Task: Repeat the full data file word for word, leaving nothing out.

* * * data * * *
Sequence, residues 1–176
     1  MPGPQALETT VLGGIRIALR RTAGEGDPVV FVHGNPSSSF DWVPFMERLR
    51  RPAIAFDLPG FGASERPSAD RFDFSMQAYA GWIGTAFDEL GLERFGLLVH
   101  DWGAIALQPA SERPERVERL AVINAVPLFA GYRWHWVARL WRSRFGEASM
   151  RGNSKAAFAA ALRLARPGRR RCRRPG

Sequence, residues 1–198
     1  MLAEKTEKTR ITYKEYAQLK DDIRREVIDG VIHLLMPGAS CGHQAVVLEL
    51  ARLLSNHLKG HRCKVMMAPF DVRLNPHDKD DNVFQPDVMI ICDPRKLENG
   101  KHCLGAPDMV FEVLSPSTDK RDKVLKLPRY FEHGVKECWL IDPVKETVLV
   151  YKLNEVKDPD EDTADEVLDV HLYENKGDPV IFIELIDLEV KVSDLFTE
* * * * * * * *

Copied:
Sequence, residues 1–176
     1  MPGPQALETT VLGGIRIALR RTAGEGDPVV FVHGNPSSSF DWVPFMERLR
    51  RPAIAFDLPG FGASERPSAD RFDFSMQAYA GWIGTAFDEL GLERFGLLVH
   101  DWGAIALQPA SERPERVERL AVINAVPLFA GYRWHWVARL WRSRFGEASM
   151  RGNSKAAFAA ALRLARPGRR RCRRPG

Sequence, residues 1–198
     1  MLAEKTEKTR ITYKEYAQLK DDIRREVIDG VIHLLMPGAS CGHQAVVLEL
    51  ARLLSNHLKG HRCKVMMAPF DVRLNPHDKD DNVFQPDVMI ICDPRKLENG
   101  KHCLGAPDMV FEVLSPSTDK RDKVLKLPRY FEHGVKECWL IDPVKETVLV
   151  YKLNEVKDPD EDTADEVLDV HLYENKGDPV IFIELIDLEV KVSDLFTE